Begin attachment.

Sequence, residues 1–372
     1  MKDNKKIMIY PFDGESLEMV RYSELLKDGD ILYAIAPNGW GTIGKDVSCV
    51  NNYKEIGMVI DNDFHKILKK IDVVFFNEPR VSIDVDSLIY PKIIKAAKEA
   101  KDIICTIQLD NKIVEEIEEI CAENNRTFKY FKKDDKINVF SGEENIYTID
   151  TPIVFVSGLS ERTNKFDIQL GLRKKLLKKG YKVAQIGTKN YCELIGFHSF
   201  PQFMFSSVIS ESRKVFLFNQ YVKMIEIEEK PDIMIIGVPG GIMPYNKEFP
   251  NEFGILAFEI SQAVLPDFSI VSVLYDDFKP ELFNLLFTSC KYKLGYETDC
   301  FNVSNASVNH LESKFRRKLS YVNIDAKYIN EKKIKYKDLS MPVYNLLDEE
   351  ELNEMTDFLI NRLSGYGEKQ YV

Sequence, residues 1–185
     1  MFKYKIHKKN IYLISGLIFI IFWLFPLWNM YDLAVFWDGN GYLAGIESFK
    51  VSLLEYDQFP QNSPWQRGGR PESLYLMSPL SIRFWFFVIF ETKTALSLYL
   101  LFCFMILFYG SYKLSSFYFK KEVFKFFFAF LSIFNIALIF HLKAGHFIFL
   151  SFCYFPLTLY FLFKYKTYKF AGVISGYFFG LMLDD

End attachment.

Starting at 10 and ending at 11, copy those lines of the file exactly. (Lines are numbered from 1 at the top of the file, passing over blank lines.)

Sequence, residues 1–185
     1  MFKYKIHKKN IYLISGLIFI IFWLFPLWNM YDLAVFWDGN GYLAGIESFK